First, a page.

Have Manchester United Ever Been Relegated Before?

Manchester United logo with stadium
fifg / Bigstockphoto.com

Manchester United, originally founded in 1878 as Newton Heath LYR FC, are one of the largest and most successful football clubs in the world, having won a record 20 English league titles, three European cups, and numerous other domestic and European trophies. However, despite the club’s illustrious history and packed trophy cabinet, the Red Devils have also endured some tough times, including multiple relegations from the First Division.

How Many Times Have Man Utd Been Relegated?

Since their first entrance into the football league in the 1892/93 season, United have been relegated from the top flight on five occasions, as shown in the table below.

Season Division Position in Table Points
1893/94 Division 1 16th 14
1921/22 Division 1 22nd 28
1930/31 Division 1 22nd 22
1936/37 Division 1 21st 32
1973/74 Division 1 21st 32
Manchester derby
Manchester derby (Ardfern / Wikipedia.org)


  • Manager (‘Club Secretary’): A.H. Albut
  • Average Home Attendance: 8,000
  • Biggest Defeat: 2-6 vs Derby County

The 1893/94 campaign was the second football league season that the Manchester club, known as Newton Heath at this point, competed in, and it ended in disaster. The Red Devils, who actually played in green and gold during this period, finished bottom of the pile with a measly 14 points, having only won six league games out of 30.

However, instead of the modern-day relegation system, in which the teams at the bottom of the table automatically move down a division, relegations in this era were decided by “test matches”. These test matches involved the bottom three First Division sides playing against the top three Second Division teams, with the winner of each game earning themselves a place in the next season’s top division, meaning that a team could finish bottom of the league and still not be relegated. This actually happened to United in the 1892/93 season, in which they also finished bottom but managed to stay up, but we’ll cover that later.

The Manchester club’s test match opponents were Liverpool, who had won the Second Division title, and the game finished 2-0 to the Merseyside club, sending Man Utd down for the first time in their history. For this season, the club only had a singular full-time employee, A.H. Albut, who served as club secretary, which involved managing the team, amongst numerous other financial and organisational responsibilities. This was something more akin to Sunday league than Premier League, by modern standards!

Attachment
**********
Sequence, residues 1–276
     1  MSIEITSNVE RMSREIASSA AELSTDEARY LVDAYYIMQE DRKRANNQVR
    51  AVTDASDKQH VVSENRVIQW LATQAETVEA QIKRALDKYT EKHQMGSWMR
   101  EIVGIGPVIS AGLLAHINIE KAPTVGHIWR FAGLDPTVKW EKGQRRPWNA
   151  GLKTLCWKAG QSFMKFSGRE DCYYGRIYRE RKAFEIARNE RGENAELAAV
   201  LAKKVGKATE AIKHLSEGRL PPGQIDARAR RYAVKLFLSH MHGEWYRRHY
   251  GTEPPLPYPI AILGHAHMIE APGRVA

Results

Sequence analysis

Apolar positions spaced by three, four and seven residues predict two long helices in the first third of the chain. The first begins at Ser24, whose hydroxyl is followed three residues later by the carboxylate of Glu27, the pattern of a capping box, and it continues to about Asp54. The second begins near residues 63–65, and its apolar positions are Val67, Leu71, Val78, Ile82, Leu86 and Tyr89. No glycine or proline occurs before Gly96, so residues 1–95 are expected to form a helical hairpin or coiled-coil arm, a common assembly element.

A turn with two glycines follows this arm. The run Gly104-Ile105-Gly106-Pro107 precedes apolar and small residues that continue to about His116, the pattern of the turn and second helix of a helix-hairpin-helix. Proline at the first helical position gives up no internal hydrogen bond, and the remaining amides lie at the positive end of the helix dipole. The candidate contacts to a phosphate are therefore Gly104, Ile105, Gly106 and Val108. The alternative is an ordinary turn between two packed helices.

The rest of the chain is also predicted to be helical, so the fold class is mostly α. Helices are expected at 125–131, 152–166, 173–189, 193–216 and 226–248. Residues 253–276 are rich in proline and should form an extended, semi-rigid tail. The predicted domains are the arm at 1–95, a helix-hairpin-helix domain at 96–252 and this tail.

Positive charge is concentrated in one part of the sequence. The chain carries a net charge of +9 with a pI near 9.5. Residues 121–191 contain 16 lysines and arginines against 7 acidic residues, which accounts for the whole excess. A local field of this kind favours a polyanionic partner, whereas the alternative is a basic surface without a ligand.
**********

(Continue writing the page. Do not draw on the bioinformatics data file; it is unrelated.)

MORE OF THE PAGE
• Managers: Jack Robson, John Chapman
  • Average Home Attendance: 27,215
  • Biggest Defeat: 0-5 Everton

After regaining their First Division status in 1906, Man Utd enjoyed a long and successful spell in the top flight, a spell which included lifting their first and second league titles in 1907/08 and 1910/11. However, this all came to an end in the 1921/22 campaign, in which the Red Devils finished bottom of the now-22 team First Division table.

United only managed to accumulate 28 points from 42 games, an extremely disappointing effort. A 0-5 home defeat to Everton on the opening day set the tone for the season, as a string of poor results saw manager Jack Robson replaced in October by John Chapman. The new boss could do little to prevent United from facing a second relegation in their history though.

The Manchester giants only managed to win eight games all season and were, to add insult to injury, also knocked out of the FA Cup in the first round by Cardiff City. By this point, the relegation system was more akin to the modern Premier League, although only the bottom two teams were relegated. This meant that United didn’t have the opportunity to save themselves through a test match, and down they went.


  • Managers: Herbert Bamlett, Walter Crickmer
  • Average Home Attendance: 12,155
  • Biggest Defeat: 0-7 vs Aston Villa